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Infinite Loops Best Practice (Not a real best practice)

[Updated: This post is too old to be correct. Even #SNMP starts to use a completely different way to handle incoming packets http://code.google.com/p/sharpsnmplib/source/browse/SharpSnmpLib/Messaging/ListenerBinding.cs. So please read it carefully.]

In .NET (especially when you program with socket), sometimes you have to write an infinite loop. In #SNMP Library, this loop exists in TrapListener.Worker_DoWork method. As a UDP server that monitors incoming diagrams, this loop is unavoidable. However, if it is not correctly and efficiently implemented, you mess things up.

The Real Infinite Loop

At the very beginning, I used the following loop.

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while (!((BackgroundWorker)sender).CancellationPending)
{
    int number = _watcher.Available;
    if (number == 0)
    {
        continue;
    }
    // handle diagrams here
}

Unfortunately my machine is Intel Core 2 Duo powered, so I did not find any issue until a user complained that it ate up all CPU resources. Yes, this user uses a single core CPU.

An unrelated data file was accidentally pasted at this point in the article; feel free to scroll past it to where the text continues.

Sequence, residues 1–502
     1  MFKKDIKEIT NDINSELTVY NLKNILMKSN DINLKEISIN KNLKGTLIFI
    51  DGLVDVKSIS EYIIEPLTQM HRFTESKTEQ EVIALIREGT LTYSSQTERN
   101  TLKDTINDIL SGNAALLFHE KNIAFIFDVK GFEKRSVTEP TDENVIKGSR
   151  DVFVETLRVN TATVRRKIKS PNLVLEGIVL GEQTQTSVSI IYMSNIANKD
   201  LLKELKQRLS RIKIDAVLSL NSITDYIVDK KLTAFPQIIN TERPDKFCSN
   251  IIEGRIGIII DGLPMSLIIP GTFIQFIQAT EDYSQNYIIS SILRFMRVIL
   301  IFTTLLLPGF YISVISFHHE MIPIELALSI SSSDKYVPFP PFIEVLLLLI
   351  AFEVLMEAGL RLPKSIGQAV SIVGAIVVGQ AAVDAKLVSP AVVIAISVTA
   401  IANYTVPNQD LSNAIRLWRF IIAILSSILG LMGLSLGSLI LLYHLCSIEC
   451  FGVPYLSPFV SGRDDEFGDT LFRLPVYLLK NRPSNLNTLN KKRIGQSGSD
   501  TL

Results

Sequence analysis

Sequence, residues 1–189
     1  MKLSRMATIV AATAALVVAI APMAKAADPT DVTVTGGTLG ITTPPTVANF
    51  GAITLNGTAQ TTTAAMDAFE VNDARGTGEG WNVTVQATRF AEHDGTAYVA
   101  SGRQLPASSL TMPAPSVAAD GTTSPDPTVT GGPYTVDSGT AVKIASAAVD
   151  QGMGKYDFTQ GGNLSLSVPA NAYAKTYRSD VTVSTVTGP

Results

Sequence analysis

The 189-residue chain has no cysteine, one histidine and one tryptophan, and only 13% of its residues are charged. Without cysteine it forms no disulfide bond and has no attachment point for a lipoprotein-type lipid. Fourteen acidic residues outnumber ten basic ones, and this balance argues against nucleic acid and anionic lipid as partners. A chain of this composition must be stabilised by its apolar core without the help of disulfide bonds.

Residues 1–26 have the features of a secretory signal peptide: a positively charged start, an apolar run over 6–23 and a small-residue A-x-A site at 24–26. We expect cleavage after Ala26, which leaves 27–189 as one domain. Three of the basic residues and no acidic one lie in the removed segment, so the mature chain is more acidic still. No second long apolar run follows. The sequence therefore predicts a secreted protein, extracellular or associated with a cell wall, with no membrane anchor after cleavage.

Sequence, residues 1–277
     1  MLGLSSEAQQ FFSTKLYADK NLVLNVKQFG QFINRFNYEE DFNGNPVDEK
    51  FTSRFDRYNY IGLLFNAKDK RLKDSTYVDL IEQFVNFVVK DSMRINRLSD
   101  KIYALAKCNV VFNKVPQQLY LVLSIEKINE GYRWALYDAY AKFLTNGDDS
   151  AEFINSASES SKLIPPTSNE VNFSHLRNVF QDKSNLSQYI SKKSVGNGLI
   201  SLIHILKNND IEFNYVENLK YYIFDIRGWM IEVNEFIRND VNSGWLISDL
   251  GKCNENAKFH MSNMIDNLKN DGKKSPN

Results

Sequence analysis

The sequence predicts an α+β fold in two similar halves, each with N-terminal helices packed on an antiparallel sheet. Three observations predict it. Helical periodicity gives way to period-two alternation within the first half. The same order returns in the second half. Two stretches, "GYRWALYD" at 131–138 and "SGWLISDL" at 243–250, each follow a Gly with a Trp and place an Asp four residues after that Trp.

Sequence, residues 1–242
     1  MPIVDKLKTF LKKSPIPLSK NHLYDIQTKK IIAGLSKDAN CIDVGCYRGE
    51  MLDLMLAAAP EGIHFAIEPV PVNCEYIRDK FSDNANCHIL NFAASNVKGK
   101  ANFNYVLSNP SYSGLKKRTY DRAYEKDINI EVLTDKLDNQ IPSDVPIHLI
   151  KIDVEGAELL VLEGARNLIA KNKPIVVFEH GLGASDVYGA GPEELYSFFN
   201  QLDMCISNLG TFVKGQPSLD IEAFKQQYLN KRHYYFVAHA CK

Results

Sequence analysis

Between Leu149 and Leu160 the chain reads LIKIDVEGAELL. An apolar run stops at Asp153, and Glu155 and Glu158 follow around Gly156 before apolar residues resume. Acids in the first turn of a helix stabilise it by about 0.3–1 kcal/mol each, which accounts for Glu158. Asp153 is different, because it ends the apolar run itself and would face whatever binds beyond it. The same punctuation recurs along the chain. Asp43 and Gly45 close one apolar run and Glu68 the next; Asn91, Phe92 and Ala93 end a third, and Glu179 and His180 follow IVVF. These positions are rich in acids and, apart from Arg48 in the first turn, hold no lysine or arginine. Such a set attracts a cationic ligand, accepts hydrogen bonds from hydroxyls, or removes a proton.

The Sleeping Loop

A quick fix for the infinite loop issue is to add Thread.Sleep. Now the code looks like this,

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while (!((BackgroundWorker)sender).CancellationPending)
{
    int number = _watcher.Available;
    if (number == 0)
    {
        Thread.Sleep(100);
        continue;
    }
    // handle diagrams
}

Although it is correct, how efficient is it? It depends on the number used in Sleep, and it does not perform well on multi-core CPU because Sleep always triggers a context switch which consumes extra resources.

The Composite Loop

It was a post of CSDN about how to use SpinWait that reminded me of a new approach. By Googling I found this wonderful post.

http://www.bluebytesoftware.com/blog/2006/08/23/PriorityinducedStarvationWhySleep1IsBetterThanSleep0AndTheWindowsBalanceSetManager.aspx

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while (!((BackgroundWorker)sender).CancellationPending)
{
    int number = _watcher.Available;
    if (number == 0)
    {
        if (Environment.ProcessorCount == 1 || unchecked(++loops % 100) == 0)
        {
            Thread.Sleep(1);
        }
        else
        {
            Thread.SpinWait(20);
        }

        continue;
    }
    // handle diagrams here
}

Oh, isn’t it a wonder? On single core CPUs, this loop falls back to the sleeping only approach, while SpinWait is used to optimize performance on multi-core CPUs.

This composite loop is already available in #SNMP repository.

This post is licensed under CC BY 4.0 by the author.
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